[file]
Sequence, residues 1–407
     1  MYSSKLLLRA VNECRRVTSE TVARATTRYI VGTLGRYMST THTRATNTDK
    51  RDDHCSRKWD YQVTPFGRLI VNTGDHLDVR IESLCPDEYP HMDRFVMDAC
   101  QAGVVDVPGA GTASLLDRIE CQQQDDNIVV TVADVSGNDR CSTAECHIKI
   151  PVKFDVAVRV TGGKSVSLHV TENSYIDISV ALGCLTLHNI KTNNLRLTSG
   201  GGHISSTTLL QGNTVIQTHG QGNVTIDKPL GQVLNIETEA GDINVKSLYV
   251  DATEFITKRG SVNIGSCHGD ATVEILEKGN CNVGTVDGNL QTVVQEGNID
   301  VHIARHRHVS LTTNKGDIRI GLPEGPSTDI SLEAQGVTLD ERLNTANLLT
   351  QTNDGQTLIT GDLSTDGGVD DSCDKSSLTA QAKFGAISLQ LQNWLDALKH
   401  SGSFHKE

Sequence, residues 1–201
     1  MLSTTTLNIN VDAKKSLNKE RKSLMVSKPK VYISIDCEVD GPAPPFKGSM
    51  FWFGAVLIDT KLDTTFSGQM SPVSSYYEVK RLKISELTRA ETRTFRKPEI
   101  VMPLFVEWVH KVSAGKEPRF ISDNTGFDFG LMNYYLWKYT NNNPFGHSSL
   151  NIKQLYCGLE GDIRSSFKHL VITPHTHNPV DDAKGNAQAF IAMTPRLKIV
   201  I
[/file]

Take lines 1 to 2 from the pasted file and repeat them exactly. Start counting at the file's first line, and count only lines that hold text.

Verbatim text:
Sequence, residues 1–407
     1  MYSSKLLLRA VNECRRVTSE TVARATTRYI VGTLGRYMST THTRATNTDK